Management of chronic airway diseases: What can we learn from real-life data?

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Chronic obstructive pulmonary disease (COPD), alpha-1 antitrypsin deficiency (AATD) and non-cystic fibrosis bronchiectasis (hereafter referred to as bronchiectasis) are distinct but related airway diseases:

COPD is characterised by persistent and usually progressive airflow limitation associated with an enhanced chronic inflammatory response in the airways and lung to noxious particles or gases (1). COPD is a clinical and physiological diagnosis.

AATD is a genetic disorder that causes defective production of alpha-1-antitrypsin (AAT), leading to decreased AAT activity in the blood and lungs and deposition of excessive abnormal AAT protein in liver cells (2). AATD is a laboratory diagnosis.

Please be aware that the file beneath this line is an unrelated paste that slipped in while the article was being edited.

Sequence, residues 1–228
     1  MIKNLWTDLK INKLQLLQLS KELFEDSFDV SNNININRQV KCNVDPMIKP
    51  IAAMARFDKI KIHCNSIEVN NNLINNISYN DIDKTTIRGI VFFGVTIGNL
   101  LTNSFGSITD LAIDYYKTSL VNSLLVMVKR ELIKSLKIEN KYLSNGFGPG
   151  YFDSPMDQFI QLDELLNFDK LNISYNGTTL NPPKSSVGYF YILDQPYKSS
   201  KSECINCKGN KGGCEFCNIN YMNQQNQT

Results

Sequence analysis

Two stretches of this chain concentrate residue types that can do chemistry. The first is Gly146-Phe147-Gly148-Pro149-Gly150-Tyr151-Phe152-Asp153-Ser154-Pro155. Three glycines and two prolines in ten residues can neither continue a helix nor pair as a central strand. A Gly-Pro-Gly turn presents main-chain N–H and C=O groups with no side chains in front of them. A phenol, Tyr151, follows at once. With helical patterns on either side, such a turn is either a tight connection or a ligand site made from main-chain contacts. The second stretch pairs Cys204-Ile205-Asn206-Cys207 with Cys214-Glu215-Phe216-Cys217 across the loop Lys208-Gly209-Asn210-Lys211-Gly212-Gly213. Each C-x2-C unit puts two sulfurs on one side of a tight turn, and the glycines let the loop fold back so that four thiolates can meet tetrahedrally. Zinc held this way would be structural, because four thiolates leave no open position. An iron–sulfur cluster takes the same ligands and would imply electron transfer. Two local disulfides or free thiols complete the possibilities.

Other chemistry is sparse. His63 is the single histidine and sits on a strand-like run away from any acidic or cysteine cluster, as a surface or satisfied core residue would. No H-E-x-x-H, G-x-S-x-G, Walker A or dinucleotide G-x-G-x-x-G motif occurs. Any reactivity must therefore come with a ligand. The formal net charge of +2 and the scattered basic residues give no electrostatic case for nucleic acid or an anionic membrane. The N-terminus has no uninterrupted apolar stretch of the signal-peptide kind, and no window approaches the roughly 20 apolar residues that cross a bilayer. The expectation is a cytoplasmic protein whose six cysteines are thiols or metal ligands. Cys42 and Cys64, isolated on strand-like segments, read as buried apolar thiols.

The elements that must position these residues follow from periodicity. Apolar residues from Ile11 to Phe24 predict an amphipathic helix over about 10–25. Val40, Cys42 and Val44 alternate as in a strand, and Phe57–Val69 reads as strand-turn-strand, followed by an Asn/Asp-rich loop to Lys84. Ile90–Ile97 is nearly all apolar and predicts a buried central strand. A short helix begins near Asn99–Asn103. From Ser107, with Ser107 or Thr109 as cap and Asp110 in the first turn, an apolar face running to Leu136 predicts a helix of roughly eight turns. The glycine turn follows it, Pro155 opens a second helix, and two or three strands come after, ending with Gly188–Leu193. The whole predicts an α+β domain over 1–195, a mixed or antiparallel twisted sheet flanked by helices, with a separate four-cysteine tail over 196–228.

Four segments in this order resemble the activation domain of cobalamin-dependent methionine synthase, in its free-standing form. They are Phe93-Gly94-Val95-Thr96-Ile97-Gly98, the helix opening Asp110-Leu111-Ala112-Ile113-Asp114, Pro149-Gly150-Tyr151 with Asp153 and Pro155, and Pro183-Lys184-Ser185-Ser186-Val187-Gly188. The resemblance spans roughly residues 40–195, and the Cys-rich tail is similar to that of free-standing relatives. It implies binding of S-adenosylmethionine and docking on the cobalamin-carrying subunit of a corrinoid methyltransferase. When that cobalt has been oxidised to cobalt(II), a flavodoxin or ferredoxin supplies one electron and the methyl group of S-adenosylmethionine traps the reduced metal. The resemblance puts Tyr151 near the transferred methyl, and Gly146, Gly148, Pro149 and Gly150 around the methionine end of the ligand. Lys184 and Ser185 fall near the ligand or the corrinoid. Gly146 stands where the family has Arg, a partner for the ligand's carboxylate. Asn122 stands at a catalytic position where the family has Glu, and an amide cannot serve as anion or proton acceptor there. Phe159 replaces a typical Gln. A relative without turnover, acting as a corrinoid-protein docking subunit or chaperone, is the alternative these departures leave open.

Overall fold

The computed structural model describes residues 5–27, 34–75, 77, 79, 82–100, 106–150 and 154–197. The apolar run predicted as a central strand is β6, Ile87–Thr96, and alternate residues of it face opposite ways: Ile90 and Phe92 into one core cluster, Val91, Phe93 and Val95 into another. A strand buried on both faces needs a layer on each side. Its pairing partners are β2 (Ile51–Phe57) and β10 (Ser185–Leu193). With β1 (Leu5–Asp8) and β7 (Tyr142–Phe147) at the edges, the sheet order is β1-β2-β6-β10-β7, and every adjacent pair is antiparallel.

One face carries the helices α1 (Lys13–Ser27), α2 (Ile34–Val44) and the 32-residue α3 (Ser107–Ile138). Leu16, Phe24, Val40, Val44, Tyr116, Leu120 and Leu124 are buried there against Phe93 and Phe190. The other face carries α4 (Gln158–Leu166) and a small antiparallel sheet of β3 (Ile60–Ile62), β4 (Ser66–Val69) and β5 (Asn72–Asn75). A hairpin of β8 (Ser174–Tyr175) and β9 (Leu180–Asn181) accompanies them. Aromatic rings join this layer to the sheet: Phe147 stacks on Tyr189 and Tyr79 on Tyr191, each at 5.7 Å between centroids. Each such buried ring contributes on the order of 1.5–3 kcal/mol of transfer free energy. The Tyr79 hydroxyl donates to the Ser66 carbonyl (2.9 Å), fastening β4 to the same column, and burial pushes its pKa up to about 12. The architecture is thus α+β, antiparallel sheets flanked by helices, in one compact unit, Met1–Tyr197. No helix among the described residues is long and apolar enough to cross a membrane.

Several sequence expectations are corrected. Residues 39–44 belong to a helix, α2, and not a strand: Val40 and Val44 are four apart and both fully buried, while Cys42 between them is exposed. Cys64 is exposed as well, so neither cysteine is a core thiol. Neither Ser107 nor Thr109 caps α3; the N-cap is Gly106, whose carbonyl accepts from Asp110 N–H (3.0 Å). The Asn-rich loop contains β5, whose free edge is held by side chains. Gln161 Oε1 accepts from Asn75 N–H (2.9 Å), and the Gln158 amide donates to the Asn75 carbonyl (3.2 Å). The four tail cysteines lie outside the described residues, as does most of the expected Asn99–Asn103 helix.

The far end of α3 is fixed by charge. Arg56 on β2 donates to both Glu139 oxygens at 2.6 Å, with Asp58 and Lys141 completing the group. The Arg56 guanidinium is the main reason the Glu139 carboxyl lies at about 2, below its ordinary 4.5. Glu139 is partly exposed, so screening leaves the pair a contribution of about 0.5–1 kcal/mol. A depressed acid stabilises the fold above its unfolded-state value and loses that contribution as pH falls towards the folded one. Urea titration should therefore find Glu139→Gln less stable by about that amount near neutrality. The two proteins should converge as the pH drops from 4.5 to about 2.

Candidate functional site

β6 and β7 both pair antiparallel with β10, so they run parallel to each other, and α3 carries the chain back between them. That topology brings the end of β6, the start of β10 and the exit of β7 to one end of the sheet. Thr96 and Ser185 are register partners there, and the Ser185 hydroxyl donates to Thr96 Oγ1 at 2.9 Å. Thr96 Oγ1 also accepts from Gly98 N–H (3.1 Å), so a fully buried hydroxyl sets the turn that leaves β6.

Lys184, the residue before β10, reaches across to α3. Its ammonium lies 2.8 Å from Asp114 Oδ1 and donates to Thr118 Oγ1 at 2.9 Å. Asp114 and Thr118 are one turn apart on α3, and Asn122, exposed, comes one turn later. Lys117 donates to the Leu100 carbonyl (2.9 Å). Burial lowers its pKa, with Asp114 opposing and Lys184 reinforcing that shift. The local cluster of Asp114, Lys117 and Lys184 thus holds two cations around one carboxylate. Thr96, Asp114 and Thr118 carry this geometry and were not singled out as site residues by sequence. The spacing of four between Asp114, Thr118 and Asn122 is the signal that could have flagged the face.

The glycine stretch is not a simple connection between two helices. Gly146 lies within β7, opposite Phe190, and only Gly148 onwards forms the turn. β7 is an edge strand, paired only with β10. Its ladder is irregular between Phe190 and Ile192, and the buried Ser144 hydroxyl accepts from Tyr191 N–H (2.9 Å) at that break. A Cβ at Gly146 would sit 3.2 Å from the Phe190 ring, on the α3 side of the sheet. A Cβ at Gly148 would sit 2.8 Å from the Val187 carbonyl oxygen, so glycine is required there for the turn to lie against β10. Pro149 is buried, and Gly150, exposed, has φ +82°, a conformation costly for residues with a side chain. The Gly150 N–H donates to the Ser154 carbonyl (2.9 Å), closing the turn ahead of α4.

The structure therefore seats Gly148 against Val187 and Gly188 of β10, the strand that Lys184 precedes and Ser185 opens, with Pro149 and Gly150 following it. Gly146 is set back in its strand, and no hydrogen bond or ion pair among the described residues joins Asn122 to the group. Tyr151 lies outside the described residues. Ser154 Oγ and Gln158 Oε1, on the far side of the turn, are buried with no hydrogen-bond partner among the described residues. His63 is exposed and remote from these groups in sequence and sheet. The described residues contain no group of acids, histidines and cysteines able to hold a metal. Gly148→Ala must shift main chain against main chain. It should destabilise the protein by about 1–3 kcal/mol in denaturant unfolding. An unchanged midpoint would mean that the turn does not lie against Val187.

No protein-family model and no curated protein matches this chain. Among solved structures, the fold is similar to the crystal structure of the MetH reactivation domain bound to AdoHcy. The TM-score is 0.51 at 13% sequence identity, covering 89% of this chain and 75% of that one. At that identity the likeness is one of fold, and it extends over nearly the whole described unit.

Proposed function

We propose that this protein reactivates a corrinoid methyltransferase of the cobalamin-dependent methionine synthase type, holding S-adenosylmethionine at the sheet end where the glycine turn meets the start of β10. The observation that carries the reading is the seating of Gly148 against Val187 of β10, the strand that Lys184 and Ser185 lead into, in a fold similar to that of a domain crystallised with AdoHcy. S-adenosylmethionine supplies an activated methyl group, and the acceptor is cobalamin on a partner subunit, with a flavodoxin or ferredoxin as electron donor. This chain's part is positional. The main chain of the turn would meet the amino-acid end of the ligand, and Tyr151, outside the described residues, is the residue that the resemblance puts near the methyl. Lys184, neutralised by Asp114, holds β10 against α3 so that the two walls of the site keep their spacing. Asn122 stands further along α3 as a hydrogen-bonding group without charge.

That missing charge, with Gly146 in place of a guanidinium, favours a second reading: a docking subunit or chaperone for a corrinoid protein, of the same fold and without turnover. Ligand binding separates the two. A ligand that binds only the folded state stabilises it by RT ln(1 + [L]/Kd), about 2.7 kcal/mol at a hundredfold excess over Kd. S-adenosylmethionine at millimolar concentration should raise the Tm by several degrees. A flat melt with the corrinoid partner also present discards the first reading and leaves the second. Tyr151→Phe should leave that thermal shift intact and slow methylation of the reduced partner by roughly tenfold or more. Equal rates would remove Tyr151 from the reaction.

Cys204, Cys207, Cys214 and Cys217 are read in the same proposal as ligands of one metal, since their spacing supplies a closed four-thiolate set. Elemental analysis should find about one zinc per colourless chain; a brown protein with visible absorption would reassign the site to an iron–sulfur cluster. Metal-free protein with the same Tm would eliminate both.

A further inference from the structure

Bronchiectasis is characterised by the presence of airway dilatation and wall thickening on imaging (e.g. computed tomography [CT]), with persistent or recurrent bronchial infection (3). Bronchiectasis is a pathological or radiological diagnosis.

Despite differences in the pathobiology of these conditions, they share many of the same clinical features and many of the same challenges. A definitive diagnosis is often complicated by symptom non-specificity as illustrated in a case study.
Original languageEnglish
Pages (from-to)S1-S2
Number of pages2
JournalCOPD: Journal of Chronic Obstructive Pulmonary Disease
Issue numberSuppl. 1
Publication statusPublished - 17 Mar 2017


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